Date of Award

8-2018

Culminating Project Type

Dissertation

Degree Name

Educational Administration and Leadership, K-12: Ed.D.

Department

Educational Administration and Higher Education

College

School of Education

First Advisor

Kay Worner

Second Advisor

John Eller

Third Advisor

Roger Worner

Fourth Advisor

Julie Swaggert

Creative Commons License

Creative Commons License
This work is licensed under a Creative Commons Attribution-Noncommercial-No Derivative Works 4.0 License.

Abstract

The 2015 Minnesota Teacher Supply and Demand Report produced by the Minnesota Department of Education provides information regarding the number of teachers licensed and unlicensed throughtout the state. The report indicates “the use of traditionally trained teachers, licensed teachers who have completed a traditional teacher preparation program, comprise the vast majority of the Minnesota teacher workforce; yet, the number of non-licensed community experts teachers increased 25% since 2009” (Minnesota Department of Education, 2015, p. 22). The 2016 Office of the Legislative Auditors Report on Minnesota teacher licensing indicated non-licensed community experts (NLCEs) are employed in school districts or charter schools to assist in overcoming staffing difficulties (Minnesota OLA, 2016). A non-licensed community expert position is one that is granted by the Minnesota Board of Teaching to a school district or charter to employ an individual who does not hold a teaching license or has not completed preparation program but has a specific area of expertise that is related to the teaching assignment (Minnesota OLA, 2016, p. 21).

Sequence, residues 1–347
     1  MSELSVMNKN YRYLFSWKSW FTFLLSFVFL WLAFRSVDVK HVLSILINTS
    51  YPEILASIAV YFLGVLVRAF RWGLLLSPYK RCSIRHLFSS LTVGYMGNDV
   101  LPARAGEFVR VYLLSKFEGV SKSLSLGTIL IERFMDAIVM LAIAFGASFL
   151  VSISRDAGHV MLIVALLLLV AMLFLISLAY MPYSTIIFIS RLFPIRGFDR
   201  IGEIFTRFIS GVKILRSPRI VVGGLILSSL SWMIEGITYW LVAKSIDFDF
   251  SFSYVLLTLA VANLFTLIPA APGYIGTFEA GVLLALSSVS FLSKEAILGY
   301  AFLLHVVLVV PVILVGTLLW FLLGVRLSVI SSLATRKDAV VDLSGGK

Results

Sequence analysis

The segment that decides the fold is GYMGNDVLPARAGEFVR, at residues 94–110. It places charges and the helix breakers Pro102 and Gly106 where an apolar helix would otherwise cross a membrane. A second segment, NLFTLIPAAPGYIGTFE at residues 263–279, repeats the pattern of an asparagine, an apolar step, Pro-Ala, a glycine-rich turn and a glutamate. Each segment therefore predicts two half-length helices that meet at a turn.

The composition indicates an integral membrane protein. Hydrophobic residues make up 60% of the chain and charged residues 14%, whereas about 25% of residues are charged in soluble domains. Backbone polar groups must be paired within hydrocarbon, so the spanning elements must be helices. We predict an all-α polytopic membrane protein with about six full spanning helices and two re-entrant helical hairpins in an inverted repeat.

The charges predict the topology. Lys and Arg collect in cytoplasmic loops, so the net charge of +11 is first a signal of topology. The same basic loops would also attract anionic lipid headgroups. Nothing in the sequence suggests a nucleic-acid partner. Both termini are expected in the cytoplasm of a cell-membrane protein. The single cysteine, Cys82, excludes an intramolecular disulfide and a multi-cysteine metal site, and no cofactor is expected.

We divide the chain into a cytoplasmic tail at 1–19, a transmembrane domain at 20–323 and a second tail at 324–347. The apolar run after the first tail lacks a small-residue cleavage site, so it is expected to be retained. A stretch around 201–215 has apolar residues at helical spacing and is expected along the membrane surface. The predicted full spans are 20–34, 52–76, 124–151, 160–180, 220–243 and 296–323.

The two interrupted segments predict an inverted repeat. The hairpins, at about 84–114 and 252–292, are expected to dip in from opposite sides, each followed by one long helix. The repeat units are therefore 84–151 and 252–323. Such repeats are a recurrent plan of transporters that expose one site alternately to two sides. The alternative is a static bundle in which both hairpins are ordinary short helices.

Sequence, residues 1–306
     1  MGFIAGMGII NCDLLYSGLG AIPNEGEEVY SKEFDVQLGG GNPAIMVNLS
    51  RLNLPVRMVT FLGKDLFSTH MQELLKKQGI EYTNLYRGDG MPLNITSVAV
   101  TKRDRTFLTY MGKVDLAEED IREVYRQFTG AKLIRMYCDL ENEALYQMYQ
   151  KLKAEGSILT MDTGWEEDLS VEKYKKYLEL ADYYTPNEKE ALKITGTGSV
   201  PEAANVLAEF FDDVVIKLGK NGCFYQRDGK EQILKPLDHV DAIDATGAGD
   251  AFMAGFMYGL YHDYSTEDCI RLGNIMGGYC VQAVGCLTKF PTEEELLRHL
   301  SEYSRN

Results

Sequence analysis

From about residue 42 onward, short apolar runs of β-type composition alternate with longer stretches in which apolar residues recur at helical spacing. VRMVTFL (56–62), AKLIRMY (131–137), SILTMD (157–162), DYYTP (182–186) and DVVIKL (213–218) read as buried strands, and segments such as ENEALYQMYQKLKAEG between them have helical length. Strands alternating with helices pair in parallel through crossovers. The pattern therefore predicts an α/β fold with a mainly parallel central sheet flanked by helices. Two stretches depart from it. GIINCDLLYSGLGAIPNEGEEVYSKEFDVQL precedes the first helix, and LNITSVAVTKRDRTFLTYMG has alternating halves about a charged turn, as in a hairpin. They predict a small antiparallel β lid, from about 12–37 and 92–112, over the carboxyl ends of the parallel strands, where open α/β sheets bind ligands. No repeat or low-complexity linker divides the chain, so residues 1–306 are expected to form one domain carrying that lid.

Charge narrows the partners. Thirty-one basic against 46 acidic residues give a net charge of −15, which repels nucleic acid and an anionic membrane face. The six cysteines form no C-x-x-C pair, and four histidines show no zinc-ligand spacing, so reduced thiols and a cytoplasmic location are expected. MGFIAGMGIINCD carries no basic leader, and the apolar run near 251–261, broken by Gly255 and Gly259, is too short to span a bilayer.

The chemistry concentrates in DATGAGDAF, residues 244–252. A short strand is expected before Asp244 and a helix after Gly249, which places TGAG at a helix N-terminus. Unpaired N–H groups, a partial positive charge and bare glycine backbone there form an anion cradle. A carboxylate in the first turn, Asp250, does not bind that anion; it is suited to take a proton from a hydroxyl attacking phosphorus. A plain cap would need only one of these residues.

Members of the Minnesota Board of Teaching have discussed with one another and with education stakeholders regarding special permission to allow Non-licensed Community Experts to teach in Minnesota (Minnesota OLA, 2016, p. 57). The first was that there are NLCEs who are not enrolled in teacher preparation programs; second, school districts submit repeated applications for NLCE status for individuals; and third was the belief that school districts are using NLCE permission to circumvent standard licensure requirements (Minnesota OLA, 2016, p. 58). Members of the Minnesota Board of Teaching (MN BOT) expressed concern that the use of NLCEs implies that formal teacher preparation training is not important (Minnesota OLA, 2016, p. 58).

The purpose of the study was to identify perceptions of select Minnesota secondary school principals regarding the effectiveness of classroom management skills, the most beneficial classroom management skill, and optimal time to offer professional development in classroom management when comparing first year traditionally trained teachers and non–licensed community experts. The study focused on classroom management areas of: procedures and routines, learning strategies, student-teacher relationships, teacher expectations, and student engagement.

The study revealed that Minnesota secondary school principals perceive a statistically significant difference in the effectiveness of first year traditionally trained teachers compared to non-licensed community experts. While the need for non-licensed community experts exist, the use of a comprehensive classroom management development plan for non-licensed community experts should utilize an instructional coach or mentor before the first day of school.

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